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Addiction Hits Families in All the Wrong Places


Soft love. Soft parenting. Soft hearts. None of those will elicit well-being in your addicted loved one.


But oh how normal it feels to try and diminish a loved one's negative consequences. And how normal it feels in the beginning to take personally all those broken promises. It hurts to listen to all the excuses and justifications. It hurts to see consequences mount in all those important life areas: mental, physical, financial, mental. But it's vital to gather the information you need to make choices based on what is REAL. As you make your way up and out of denial, as you slip and slide away from blaming the one addicted, you will sense your need to step away.


Stepping away will mean different things to different family members. It does not mean you are divorcing your mate or reporting to your local police department that your laptop or 48 inch Vizio tv was stolen by your 26 year old drug addicted son, (although you may be at those points). Stepping away means coming to grips with the reality that you cannot stop someone's illness from progressing. Stepping away means you finally see the illness for what it is.


Know that an addict/alcoholic's choice to use drugs or alcohol has absolutely and totally nothing to do with you. It is an internal, physiological process. The addict's choice to continue use of meth, cocaine, heroin, or opiates, despite all evidence that use is creating harm all around, is about the addict's own abnormal and exaggerated response to substances. The same goes for an alcoholic who continues to drink despite the crushing blows it brings to self and family. It's that positive reinforcement in their brain's pleasure center, the dopamine rush that helps them kick the can of consequences on down the road: "I'll stop tomorrow."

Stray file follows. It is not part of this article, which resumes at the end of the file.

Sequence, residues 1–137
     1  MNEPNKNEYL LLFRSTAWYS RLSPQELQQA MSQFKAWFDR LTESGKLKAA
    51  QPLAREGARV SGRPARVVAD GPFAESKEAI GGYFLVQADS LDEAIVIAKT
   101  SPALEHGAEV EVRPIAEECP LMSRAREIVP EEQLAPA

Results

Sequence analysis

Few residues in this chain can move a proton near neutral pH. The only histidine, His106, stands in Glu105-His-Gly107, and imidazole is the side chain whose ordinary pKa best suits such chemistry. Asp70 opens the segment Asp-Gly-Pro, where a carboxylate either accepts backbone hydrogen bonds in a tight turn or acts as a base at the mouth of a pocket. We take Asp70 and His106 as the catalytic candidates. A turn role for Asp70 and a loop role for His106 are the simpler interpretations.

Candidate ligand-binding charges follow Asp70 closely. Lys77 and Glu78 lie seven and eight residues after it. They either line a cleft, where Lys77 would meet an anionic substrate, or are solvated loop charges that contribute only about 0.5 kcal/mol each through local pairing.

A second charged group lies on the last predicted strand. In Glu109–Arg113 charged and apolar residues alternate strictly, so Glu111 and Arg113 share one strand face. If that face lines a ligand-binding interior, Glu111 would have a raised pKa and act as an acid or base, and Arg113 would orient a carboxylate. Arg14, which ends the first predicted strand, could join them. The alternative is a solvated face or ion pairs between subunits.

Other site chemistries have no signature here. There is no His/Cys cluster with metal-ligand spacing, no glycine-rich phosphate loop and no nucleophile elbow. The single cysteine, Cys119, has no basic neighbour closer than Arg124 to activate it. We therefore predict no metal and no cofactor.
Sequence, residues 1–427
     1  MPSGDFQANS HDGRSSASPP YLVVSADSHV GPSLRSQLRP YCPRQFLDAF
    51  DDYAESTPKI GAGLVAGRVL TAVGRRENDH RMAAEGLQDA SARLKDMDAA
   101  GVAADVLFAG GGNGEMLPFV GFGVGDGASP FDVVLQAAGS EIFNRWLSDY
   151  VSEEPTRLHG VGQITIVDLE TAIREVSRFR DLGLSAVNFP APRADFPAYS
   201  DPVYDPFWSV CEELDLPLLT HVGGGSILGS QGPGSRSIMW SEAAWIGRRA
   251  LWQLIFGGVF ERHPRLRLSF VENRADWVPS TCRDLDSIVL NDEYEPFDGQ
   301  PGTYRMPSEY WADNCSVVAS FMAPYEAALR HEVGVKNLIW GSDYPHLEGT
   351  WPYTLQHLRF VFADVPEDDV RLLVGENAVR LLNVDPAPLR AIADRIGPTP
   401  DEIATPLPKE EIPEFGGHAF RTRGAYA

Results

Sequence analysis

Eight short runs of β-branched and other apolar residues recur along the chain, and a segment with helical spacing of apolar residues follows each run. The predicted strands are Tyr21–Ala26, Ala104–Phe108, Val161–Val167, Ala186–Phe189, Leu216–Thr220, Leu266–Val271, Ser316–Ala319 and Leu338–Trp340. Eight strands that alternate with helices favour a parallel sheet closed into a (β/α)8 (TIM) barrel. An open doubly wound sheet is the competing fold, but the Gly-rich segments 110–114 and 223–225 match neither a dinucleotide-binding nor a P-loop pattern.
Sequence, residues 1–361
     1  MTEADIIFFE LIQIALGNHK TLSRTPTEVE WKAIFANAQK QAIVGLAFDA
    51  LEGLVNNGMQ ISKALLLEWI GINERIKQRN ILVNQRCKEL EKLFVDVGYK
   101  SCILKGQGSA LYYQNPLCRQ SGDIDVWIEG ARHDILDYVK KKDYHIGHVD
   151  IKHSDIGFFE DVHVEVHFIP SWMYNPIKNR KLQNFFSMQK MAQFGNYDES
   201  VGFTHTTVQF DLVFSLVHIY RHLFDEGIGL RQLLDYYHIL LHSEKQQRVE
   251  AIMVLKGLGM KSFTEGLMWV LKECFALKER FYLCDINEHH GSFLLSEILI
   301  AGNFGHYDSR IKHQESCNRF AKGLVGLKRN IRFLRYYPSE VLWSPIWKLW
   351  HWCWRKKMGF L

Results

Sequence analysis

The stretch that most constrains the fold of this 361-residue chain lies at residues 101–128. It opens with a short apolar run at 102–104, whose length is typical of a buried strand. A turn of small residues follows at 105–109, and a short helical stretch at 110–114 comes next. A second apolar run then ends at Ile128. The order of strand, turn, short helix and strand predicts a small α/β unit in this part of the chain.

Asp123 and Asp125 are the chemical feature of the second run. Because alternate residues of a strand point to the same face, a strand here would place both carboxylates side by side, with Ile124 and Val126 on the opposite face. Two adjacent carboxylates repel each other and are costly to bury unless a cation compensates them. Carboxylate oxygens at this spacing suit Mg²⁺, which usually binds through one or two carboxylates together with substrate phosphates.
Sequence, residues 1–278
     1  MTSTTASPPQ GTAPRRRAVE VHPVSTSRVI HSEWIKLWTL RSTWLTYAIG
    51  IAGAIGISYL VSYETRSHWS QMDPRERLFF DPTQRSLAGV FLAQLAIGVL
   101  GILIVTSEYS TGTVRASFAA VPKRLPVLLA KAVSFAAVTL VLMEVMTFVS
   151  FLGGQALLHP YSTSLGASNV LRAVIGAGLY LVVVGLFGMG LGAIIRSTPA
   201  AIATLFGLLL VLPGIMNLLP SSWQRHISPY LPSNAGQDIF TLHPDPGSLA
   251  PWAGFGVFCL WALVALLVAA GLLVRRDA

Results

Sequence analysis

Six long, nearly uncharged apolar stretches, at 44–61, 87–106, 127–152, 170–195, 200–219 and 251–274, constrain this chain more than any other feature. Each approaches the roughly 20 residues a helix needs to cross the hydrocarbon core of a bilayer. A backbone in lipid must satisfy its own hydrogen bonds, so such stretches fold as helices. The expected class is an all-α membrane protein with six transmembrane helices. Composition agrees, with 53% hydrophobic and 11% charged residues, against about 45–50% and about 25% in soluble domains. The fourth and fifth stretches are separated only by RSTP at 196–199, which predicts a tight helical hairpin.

If you don't step aside, you'll experience yourself as part of the kick. Leave the dynamic long enough to talk to a professional who knows the dynamics of addiction. Grab a self-help book. Attend an education group. Go to an Al-Anon meeting. You stepping out of the way creates a higher potential for your own growth, allowing the addicted one to

hear the truth from you, ("I love you but cannot remain in the middle of this mess...if and when you want treatment, I'll stand with you to find the help you want and need."